Archive for February, 2011

Linked In Does Not Equal Opt In

Posted on February 20, 2011. Filed under: Human Business, Internet Traffic, Jazz, Marketing, Social Media | Tags: , , , , , |

Today’s tune – “Hearts Take Time” sung by blues/jazz vocalist and pianist Diane Schuur – refers to a romantic relationship gone wrong. This post is about the customer/client relationship online and how to begin and nurture it — starting with how not to.

Earlier this week, I received a Linked In invitation from an acquaintance who I know recently changed careers and is now in the financial services industry. I met her through someone I’m very close with and who has known her for many years.

She sent the invitation from her personal Linked In profile, which listed her by her nickname and gave her personal email address for contact. I like this person and promptly accepted her invitation.Business Relationships by Reality Quote

Later the same day I received two emails in a row from her business email address. One informed me that she had added my email address to her marketing list and that I would be receiving information from time to time. The other was a sales message offering me products and services that I had never inquired about.

Both emails did have opt-out links. But that put me in the somewhat awkward position of letting this person know that I do not want to be contacted further about business.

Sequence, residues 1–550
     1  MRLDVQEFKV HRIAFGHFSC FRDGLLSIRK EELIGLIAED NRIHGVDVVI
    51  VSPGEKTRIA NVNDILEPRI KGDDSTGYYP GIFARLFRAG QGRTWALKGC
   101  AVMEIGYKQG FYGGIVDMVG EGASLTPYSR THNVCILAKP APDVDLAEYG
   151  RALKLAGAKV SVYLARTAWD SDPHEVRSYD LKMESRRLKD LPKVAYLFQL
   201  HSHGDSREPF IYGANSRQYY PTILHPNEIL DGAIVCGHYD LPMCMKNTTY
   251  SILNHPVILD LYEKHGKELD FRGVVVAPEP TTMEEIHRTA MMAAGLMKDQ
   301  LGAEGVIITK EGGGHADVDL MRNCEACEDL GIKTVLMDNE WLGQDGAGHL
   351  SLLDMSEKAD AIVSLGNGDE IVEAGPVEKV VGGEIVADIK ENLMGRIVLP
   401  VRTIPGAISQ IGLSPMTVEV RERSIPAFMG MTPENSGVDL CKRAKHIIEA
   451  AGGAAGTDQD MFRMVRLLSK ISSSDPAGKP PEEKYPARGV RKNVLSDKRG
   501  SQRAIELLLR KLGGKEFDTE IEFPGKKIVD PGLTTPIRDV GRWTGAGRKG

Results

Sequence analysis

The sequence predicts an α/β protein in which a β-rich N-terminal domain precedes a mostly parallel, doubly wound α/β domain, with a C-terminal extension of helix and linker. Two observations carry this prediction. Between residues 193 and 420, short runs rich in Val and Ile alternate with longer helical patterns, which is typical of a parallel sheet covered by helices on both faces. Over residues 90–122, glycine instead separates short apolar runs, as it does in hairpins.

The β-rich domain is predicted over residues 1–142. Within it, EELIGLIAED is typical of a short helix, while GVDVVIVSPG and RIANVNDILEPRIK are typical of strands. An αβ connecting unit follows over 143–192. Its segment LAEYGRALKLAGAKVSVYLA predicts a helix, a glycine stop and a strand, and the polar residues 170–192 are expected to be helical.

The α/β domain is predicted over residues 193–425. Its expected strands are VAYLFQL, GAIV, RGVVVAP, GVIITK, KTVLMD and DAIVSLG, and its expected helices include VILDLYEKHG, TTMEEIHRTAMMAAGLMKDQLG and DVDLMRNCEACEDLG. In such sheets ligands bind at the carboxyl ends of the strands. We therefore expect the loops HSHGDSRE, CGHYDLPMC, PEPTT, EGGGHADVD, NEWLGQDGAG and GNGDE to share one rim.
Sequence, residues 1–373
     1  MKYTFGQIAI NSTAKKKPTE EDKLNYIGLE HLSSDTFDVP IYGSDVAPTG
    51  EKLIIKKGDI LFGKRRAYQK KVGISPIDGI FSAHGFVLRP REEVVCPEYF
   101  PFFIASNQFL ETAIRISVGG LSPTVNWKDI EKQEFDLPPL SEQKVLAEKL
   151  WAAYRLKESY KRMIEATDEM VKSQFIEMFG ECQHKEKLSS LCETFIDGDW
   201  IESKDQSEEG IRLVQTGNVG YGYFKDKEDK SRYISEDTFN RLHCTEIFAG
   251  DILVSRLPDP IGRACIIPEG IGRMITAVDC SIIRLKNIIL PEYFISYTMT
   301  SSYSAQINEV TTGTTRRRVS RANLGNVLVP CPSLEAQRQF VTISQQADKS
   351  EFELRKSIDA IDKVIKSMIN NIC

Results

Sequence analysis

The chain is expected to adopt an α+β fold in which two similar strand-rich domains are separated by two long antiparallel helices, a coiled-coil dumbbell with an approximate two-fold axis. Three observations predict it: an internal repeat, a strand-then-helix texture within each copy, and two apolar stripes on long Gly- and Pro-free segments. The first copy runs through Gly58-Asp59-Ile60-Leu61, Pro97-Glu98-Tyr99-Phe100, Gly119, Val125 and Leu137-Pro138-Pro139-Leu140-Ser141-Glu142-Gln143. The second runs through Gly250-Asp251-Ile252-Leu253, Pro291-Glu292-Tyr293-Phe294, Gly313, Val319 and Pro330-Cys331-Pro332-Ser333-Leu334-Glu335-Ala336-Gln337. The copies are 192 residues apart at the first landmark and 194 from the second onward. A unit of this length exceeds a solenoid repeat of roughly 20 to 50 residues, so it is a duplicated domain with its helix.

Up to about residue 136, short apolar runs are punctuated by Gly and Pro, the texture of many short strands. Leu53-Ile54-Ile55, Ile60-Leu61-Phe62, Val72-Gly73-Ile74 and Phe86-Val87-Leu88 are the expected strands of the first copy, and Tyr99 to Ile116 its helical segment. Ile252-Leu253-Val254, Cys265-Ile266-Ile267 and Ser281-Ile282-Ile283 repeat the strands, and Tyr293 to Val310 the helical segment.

She made the incorrect assumption that my accepting a Linked In invitation was an open invitation to be marketed to. My emotional response to that was very negative. I felt that it was a violation.

My reasons for connecting on Linked In are to widen my network, to refresh my memory about who I haven’t been in touch with for too long, to learn and to share information. Many other reasons, too. None of them is to make myself a target for an unsolicited sales pitch. By the way, this goes for all social media I engage with. In addition to a breach of social media etiquette, this person at best showed lack of knowledge and at worst bad judgment, which does not inspire confidence.

If she had taken a different approach, there’s a possibility that we might have done business together. She could have sent me a personal email asking whether I have any current needs in her area of expertise and/or pointing me in the direction of some info about her business offerings to build credibility in the event I knew of someone else who could benefit.

If I did indicate some level of interest, she could then use the opportunity to ask me to opt in to her list with the clear understanding that I could feel free to opt out at any time – that an opt-out would not have any impact on our personal relationship.

Even though it’s well-known that permission-based marketing works best, business people regularly ignore this best practice. If you do so, recognize that you may very well permanently kill an opportunity to develop a meaningful business relationship – including ongoing referrals – over the longer term. Hearts take time!!

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What’s the Semantic Web? Watch Jeopardy!

Posted on February 15, 2011. Filed under: Communications, Internet Research, Internet Traffic, Jazz, Marketing, Media, Online Search, Semantic Web, TV, Web 3.0 | Tags: , , , , , , , , , , , , , |